Small Post-Framed Barn Construction: Opinions Welcome!

  
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UOFan

UOFan

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Wait, so you are building a goat barn, while ALSO building a new shop, directly next to your older existing shop? This just all got way more interesting lol.

More pics of the shop buildings! I'm not sure about the picture rotation but maybe you could try rotating them in your phone before uploading.
Yep, I usually start another project before finishing my current project! Will post more pictures of the shops.


Realizing its already built but for next time or others out there, with a 15' span you do not need center posts. The roof load will transmit to the outside walls so there is no vertical load on the center, especially with very little snow load.
Your barn looks great and it looks like quality construction!

Thank you. We decided to put the additional 6x6's mainly for looks..gotta keep the wife happy.

Will echo what others have said about condensation. I built an open on all 4 sides tractor shed about ten years ago. Did not know what I was doing. It is a little overbuilt and plenty sturdy. It has survived one decent snow/ice event (very rare here) as well as some big winds and storms. But, not knowing any better I put tin over purlins. There are many days that it rains in there from condensation. All my equipment has marks from drip lines. Most of the purlins are water stained. A few have gotten soft.

All future shops, sheds, barns or carports will have some sort of sheathing with tar paper and then metal.

Yeah, I ended up using plywood and some synthetic roofing felt that my neighbor gave me he had leftover from a jobsite. He's a GC and that's what they're using on new builds around here.
 
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Hay Dude

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About the only thing I would have done differently on the framing is skip the center posts and put up trusses. I made my own and had a 24' span. There is ZERO sag in the roof and the building is probably going to land somewhere in one piece if a tornado ever gets it. I put all the trusses together with screws and glue. Ain't no way they're coming apart (with any component in one piece).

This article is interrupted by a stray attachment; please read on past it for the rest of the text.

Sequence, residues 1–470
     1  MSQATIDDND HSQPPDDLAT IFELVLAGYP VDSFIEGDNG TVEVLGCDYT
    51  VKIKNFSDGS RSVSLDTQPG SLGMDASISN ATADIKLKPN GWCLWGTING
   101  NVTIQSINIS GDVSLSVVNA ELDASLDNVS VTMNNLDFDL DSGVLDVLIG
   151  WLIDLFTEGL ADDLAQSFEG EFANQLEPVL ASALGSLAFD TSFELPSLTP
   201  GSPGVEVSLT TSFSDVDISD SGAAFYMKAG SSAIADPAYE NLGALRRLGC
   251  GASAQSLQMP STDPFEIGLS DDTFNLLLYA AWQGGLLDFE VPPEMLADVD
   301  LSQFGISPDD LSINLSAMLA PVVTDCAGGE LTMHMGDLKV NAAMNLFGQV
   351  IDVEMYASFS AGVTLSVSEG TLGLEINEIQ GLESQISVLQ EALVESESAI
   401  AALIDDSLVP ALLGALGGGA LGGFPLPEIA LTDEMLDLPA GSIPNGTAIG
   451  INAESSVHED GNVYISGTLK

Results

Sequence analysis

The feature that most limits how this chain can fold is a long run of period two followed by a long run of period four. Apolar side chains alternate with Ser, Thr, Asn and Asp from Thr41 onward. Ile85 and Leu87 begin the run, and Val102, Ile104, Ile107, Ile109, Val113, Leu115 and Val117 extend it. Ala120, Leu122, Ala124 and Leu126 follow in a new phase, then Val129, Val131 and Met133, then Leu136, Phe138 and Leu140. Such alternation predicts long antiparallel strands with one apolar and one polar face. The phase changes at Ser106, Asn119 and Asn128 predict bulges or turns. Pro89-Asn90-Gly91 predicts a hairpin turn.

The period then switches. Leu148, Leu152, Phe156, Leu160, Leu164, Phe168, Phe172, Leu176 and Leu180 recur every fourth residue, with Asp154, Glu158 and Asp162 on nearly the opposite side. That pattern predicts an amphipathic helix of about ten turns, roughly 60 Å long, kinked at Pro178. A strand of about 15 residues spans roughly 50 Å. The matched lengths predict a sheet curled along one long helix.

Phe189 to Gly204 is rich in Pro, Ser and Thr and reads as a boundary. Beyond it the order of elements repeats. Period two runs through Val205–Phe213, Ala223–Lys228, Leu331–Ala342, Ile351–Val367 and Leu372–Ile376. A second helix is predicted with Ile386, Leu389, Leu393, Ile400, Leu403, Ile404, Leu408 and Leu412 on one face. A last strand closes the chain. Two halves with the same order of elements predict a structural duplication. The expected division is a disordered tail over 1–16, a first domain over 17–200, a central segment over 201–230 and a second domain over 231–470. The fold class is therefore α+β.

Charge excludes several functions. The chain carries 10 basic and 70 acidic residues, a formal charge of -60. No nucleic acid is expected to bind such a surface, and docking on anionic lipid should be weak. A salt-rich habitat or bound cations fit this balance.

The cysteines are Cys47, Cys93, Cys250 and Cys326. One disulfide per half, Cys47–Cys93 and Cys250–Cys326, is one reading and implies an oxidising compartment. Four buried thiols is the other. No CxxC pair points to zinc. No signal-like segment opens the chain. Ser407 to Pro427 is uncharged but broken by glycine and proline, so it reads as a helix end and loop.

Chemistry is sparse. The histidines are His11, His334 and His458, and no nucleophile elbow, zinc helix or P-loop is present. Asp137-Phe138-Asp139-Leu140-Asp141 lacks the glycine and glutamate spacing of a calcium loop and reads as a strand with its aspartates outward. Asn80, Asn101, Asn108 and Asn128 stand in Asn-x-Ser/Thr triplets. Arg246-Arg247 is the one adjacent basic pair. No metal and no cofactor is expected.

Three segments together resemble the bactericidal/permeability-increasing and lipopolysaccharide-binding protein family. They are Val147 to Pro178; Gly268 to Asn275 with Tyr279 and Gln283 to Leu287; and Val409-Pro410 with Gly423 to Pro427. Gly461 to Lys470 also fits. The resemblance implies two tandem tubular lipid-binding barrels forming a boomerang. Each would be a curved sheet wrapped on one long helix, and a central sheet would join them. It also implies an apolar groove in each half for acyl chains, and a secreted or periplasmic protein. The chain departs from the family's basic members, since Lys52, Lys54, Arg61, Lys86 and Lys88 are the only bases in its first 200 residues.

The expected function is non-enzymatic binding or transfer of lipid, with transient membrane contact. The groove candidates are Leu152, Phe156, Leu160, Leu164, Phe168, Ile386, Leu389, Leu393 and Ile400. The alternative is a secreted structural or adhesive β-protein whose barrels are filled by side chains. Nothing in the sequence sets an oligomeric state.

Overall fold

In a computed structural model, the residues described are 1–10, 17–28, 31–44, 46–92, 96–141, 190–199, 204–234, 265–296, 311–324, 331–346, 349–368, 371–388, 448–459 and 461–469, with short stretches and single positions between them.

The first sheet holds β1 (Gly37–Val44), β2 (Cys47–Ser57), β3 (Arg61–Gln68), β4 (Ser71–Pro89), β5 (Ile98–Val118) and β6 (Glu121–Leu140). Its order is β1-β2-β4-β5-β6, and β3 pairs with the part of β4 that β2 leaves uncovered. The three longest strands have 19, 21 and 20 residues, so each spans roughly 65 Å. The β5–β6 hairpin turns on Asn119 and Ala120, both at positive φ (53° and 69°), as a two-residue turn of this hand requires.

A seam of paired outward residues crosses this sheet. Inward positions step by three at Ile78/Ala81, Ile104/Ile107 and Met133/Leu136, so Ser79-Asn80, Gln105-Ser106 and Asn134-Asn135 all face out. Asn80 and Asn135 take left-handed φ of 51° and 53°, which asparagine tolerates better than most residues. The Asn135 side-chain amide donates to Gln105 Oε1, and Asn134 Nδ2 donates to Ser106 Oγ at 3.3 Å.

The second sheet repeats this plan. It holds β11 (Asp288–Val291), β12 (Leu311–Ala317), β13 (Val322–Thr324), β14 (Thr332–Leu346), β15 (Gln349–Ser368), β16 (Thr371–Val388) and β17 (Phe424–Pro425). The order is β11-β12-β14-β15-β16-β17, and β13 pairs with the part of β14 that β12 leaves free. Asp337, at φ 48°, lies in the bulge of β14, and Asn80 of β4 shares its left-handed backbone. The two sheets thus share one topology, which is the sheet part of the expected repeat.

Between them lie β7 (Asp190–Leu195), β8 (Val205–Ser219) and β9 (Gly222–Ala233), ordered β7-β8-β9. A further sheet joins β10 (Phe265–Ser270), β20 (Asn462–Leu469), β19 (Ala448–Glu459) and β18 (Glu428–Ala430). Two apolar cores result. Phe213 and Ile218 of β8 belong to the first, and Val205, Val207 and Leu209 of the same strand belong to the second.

Did you use Timber Locks for screws? I love those things
 

N80

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I don’t know what Timber Locks are but our cabin kit came with Ollylogs. I think they came in 12 and 16 inch. They self tap. No drilling. They zip right through pine logs. The carport I’m planning will be 6x6 posts and 4x6 beams and I’ll put the whole thing together with the Ollylog screws. I have a bunch left over. Which is good because they are pricey.
 

pmsmechanic

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^^^ to a limited extent. After years of expansion and contraction of the panels, added to lack of proper framing diagonals, those holes through the 26/ 29ga.
(0.079"/0.0149") will "egg out" even more with the buildings movement.
For the sake of only 4 2x4x16's, one at each corner of the roof, I don't rely on any possible "racking" abilities of the metal.
Out here nobody does diagonal bracing on a tin covered building. I've seen screws loosen up but I've never seen "egged out" screw holes. I'm wondering if it's because we don't get as hot during the summer months. Also because of wind we use one size larger screws than in most areas of the country.
 

OldPaint

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Did you use Timber Locks for screws? I love those things
Nope, just regular construction screws, but a butt load of them. Each truss has 120 screws (60 each sided) in it for all the escutcheon plates and the webs. In addition to the screws, every escutcheon got a nice coat of Gorilla wood glue to stick them to the component beams. I used 14' 2x4's for the top chords, and 10' 2x4's for the bottom chords, and cut up 8' 2x4's for the W members. Took about 4 days to build all the trusses, another 2 to stand them up and get the purlins on. They were light enough I put 3 of 10 up on the top plate by myself, in June of 2021, AFTER shoulder surgery in June and October of 2020. I doubt each truss weights more than 200 lbs, but according to the calculator I used, they're good for nearly a ton each. I do like the open floor plan too. I had to cut about 6" off the top cords to get my 16" overhang. We don't have any snow load to consider here, so I got away with the purlins on roughly 4 foot centers. A relatively local dealer cut my roofing to length, so I had a custom fit roof. Had lumber been just a little cheaper and I had it all to do again, I'd put the purlins on 2' centers. Newer metal ag roofing isn't quite as thick and robust as the old 5V that I put on several barns as a kid. It's a little worrisome to walk on it and not feel like you're gonna go through.
 

Hay Dude

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Sounds good.
I would routinely do a 2 car garage roof truss package in less than a day with a helper. We would load all the trusses upside down and once you get a gable wall truss up and braced, get your 2x4 braces marked and up, just flip them up and use a pole to stand them up under your 2x4 braces.
Then we started to rent a crane for a day. So nice :)
 
 
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